Footballer Cesc Fabregas handed driving ban after admitting speeding charge
The former Arsenal and Chelsea player was recorded driving at 68mph in a 40mph zone in south-west London last year.
Spanish football star Cesc Fabregas has been banned from driving after he was caught hitting 68mph in a 40mph zone.
The former Arsenal and Chelsea midfielder, who was disqualified for six months, told police “I wasn’t going that fast”, a court heard.
The 32-year-old did not attend a short sentencing hearing at Wimbledon Magistrates’ Court in London on Thursday, which proceeded in his absence.
The Spaniard, whose address was listed by the court as Belgravia, central London, pleaded guilty to a charge of speeding on July 11.
Prosecutor Luke Bowyer told the court that on December 4 last year police spotted the World Cup winner travelling in a grey Land Rover on a section of the A3 at the Tibbet’s slip road near Wandsworth in south-west London.
Fabregas was clocked with a ProLaser 4 speed detection device which registered him travelling at 68mph in the 40mph limit area, the court was told.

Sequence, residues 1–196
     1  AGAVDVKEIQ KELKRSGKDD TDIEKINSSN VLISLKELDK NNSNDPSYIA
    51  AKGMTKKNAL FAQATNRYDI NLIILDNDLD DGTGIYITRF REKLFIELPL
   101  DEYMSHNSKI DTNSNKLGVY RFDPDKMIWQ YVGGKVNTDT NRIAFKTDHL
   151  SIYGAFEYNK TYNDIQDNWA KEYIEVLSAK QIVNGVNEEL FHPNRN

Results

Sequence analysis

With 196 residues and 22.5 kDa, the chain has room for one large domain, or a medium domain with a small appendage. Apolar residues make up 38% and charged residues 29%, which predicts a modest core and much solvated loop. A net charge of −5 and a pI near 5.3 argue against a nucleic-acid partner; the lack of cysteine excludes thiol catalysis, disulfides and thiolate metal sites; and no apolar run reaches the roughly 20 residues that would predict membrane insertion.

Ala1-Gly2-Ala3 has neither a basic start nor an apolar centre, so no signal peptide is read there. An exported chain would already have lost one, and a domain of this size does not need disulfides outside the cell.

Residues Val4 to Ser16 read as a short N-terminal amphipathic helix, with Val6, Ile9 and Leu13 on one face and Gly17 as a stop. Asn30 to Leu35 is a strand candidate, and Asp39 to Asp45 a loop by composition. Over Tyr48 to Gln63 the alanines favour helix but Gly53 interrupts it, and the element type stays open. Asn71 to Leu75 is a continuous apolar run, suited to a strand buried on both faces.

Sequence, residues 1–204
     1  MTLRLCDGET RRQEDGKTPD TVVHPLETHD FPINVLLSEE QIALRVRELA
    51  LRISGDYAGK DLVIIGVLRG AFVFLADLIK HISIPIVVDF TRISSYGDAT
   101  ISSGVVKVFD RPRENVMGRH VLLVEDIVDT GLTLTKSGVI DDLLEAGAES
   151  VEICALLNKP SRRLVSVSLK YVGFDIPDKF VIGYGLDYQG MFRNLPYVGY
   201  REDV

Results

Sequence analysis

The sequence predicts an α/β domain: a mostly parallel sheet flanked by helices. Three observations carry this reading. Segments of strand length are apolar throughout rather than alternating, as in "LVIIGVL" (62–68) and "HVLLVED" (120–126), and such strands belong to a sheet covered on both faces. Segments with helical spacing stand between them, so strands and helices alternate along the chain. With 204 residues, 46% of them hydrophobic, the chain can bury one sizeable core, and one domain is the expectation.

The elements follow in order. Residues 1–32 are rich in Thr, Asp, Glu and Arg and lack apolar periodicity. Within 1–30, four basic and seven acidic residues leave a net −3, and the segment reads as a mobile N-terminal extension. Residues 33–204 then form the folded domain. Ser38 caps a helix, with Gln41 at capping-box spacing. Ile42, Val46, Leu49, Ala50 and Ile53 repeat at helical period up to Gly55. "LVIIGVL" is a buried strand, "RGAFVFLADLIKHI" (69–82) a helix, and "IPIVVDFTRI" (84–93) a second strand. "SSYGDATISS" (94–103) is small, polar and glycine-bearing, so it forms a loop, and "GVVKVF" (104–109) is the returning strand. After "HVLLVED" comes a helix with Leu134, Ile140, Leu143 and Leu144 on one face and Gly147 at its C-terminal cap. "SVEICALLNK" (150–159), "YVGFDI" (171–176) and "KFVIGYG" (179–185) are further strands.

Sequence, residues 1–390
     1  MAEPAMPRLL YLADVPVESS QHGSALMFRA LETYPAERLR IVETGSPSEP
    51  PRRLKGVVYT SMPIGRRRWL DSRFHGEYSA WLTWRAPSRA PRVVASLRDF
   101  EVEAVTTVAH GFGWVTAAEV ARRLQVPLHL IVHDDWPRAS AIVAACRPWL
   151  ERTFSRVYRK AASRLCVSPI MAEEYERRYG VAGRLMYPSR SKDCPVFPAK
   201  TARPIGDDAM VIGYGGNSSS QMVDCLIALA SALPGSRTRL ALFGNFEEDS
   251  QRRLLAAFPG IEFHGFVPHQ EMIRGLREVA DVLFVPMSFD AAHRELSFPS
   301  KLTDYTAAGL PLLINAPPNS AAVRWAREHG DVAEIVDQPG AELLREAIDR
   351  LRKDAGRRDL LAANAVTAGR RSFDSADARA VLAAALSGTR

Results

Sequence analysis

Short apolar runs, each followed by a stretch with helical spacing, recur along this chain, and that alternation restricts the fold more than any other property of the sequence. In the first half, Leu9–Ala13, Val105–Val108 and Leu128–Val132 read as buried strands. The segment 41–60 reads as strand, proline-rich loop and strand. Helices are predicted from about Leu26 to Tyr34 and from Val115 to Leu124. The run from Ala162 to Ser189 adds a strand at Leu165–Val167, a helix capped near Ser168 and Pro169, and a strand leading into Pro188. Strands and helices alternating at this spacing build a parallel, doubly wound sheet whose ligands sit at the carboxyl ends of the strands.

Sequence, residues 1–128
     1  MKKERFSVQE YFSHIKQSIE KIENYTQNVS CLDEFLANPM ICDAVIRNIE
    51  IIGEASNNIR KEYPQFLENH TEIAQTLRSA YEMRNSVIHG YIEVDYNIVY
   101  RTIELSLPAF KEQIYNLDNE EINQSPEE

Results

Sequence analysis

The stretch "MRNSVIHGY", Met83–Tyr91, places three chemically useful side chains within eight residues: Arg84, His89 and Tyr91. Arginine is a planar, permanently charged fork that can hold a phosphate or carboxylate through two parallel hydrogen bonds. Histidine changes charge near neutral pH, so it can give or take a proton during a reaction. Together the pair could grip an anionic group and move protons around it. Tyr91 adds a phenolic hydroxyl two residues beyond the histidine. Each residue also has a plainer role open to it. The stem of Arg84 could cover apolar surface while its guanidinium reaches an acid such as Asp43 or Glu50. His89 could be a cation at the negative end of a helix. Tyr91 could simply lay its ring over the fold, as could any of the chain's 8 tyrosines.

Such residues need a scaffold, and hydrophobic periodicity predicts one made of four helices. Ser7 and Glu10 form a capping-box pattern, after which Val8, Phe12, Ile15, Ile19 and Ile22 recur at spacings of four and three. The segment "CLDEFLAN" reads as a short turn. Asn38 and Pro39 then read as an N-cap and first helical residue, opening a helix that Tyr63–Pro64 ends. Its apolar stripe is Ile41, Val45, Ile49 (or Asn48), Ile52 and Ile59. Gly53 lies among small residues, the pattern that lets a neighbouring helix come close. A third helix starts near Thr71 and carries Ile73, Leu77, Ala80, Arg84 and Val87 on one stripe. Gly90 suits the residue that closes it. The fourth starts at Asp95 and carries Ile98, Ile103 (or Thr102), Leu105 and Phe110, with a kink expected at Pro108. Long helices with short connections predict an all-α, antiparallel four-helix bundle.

Mr Bowyer said that when the footballer was stopped by police he told them: “I wasn’t going that fast”.
He said Fabregas already had six points on his licence before the incident.
Representing Fabregas, Natalie Bird said the midfielder was unable to attend court because of “work commitments in Monaco”.
Fabregas joined French Ligue 1 club AS Monaco from Premier League side Chelsea in January this year.
Ms Bird said Fabregas “would like to offer his sincere apology and remorse” for the offence, which was the result of a “momentary lapse of concentration”.
Sentencing, district judge Andrew Sweet said he took into account Fabregas’s guilty plea.
He told the court he was “familiar” with the stretch of the A3 in question, saying it could get “extremely busy”.
Fabregas’s offence added a further six points to his licence, leading the judge to disqualify him from driving for a period of six months as a “totter”.
He also ordered Fabregas to pay a £750 fine, £135 in costs and a £75 victim surcharge.